The Diet shall be the highest organ of state power, and shall be the sole lawmaking organ of the State. Thus reads Article 41 of the Constitution.
Political insiders say, however, that the Policy Affairs Research Council of the Liberal Democratic Party actually wields greater decision-making power within the nation’s lawmaking machinery, and that the decisions it makes are those sought by the bureaucracy.
Under a long-established informal agreement dating to the late 1960s between the government and the LDP, whose grip on power has been almost unbroken since its establishment in the 1950s, the policy council has the right to screen all government-sponsored bills before they are submitted to the Diet.
Technically, the council is merely an internal LDP organ with no authority. But in reality, if the council rejects a bill, it won’t become law.
“Whether a bill will clear the Diet or not largely depends on the council. That’s the power it wields,” said Hideyuki Aizawa, a veteran LDP politician who served as a House of Representatives member from 1976 to 2003.
Policy conclusions reached by the council effectively become party decisions, binding all LDP members to support them in Diet votes — even if the bills in question run contrary to members’ own personal creed or conscience.
Thus, the existence of the policy council has made Diet deliberations “a mere farce,” according to Masaru Nishio, a professor of public administration at International Christian University in Tokyo.
“The Diet (debate) has hollowed out because of the Policy Affairs Research Council,” Nishio said.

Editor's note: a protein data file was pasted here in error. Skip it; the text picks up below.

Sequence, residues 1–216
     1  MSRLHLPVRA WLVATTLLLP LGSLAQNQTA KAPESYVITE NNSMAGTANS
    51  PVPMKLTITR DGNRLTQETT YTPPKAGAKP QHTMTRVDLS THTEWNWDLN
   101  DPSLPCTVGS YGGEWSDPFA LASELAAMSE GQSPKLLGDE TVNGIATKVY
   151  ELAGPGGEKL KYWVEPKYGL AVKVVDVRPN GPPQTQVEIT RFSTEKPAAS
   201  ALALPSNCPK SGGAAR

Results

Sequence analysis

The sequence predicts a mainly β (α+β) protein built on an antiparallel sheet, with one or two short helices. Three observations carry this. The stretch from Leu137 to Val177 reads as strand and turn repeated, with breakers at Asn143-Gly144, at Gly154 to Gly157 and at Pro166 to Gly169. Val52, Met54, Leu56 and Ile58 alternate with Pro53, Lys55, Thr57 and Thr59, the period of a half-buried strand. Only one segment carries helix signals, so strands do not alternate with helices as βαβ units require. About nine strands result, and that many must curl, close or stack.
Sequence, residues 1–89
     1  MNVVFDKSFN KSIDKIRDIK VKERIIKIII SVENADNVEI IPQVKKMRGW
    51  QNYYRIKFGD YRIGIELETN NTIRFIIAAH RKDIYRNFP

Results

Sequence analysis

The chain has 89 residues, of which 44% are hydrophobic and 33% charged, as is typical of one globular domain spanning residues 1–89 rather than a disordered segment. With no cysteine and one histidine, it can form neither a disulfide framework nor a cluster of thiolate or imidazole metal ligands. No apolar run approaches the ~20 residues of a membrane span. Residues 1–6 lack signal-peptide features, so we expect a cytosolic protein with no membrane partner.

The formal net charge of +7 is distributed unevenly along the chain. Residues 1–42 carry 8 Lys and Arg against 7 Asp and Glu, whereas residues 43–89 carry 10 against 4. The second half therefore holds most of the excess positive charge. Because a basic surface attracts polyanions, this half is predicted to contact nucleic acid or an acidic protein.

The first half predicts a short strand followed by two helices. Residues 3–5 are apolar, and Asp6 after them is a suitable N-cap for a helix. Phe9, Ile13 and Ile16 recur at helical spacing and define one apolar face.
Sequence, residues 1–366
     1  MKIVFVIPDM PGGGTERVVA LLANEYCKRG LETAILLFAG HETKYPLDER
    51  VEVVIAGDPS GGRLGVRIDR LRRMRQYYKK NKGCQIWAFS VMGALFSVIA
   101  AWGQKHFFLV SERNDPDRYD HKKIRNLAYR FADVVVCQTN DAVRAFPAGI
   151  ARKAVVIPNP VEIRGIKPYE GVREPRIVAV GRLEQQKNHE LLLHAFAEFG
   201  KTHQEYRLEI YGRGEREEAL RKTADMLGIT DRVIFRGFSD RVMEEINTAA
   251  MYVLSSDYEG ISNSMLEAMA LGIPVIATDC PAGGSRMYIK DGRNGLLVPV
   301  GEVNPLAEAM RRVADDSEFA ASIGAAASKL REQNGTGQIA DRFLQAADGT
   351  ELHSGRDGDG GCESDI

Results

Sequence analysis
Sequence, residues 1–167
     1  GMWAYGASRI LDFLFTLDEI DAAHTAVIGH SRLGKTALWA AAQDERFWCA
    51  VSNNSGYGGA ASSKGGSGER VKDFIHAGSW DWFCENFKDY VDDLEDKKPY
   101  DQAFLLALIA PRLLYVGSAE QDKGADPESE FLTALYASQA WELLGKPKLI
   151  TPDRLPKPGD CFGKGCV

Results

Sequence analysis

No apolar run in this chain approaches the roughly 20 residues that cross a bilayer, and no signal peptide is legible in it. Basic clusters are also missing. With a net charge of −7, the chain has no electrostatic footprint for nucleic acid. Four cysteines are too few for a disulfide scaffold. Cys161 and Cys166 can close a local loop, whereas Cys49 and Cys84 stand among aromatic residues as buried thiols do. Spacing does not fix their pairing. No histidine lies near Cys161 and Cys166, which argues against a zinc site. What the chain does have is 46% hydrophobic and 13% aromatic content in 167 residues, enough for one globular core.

In fact, the ruling bloc and opposition forces often spend more time fighting over the deliberation schedule of key bills than over their content.
Opposition forces have thus chosen to boycott deliberations in an effort to appeal to voters, instead of using their debate skills to persuade ruling-bloc lawmakers to change their minds.
“In the Diet, we don’t discuss matters we’ve already discussed within the party,” said Aizawa, stressing the unity of LDP lawmakers during Diet deliberations. “All the bills that the ruling bloc submits should be enacted, because otherwise it could lose face.”
The policy council’s clout, however, lies in its institutional power to give a bill its final approval, not in its ability to draw it up, said Jinyo Kaneko, a professor of politics at Toin University of Yokohama.
“The LDP is a mere runner for bureaucrats. Bureaucrats draw up bills, and the LDP’s role is to get the bills to clear the Diet,” Kaneko said.
The LDP’s policy council has 12 divisions, each of which corresponds to a government ministry or agency.
During their frequent early morning meetings at LDP headquarters, lawmakers are usually briefed by bureaucrats and submit requests for changes to prepared legislative drafts.
Since the policy panel has few researchers, it is incapable of drawing up bills on its own.
Although an increasing number of bills have been drawn up by Diet members themselves in recent years, “Almost all the bills that become law are the ones proposed by the government,” Aizawa said.